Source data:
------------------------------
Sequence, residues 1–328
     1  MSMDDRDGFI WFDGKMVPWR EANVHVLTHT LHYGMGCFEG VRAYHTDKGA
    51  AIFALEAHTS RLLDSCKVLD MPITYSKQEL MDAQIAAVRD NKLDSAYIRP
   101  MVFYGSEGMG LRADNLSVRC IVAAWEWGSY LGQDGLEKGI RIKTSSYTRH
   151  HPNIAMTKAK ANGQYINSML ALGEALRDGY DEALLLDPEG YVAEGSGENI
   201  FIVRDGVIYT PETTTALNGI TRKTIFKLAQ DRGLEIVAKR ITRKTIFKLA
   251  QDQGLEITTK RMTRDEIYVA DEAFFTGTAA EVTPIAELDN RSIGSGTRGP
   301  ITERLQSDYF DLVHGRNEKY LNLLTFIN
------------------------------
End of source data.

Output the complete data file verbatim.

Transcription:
Sequence, residues 1–328
     1  MSMDDRDGFI WFDGKMVPWR EANVHVLTHT LHYGMGCFEG VRAYHTDKGA
    51  AIFALEAHTS RLLDSCKVLD MPITYSKQEL MDAQIAAVRD NKLDSAYIRP
   101  MVFYGSEGMG LRADNLSVRC IVAAWEWGSY LGQDGLEKGI RIKTSSYTRH
   151  HPNIAMTKAK ANGQYINSML ALGEALRDGY DEALLLDPEG YVAEGSGENI
   201  FIVRDGVIYT PETTTALNGI TRKTIFKLAQ DRGLEIVAKR ITRKTIFKLA
   251  QDQGLEITTK RMTRDEIYVA DEAFFTGTAA EVTPIAELDN RSIGSGTRGP
   301  ITERLQSDYF DLVHGRNEKY LNLLTFIN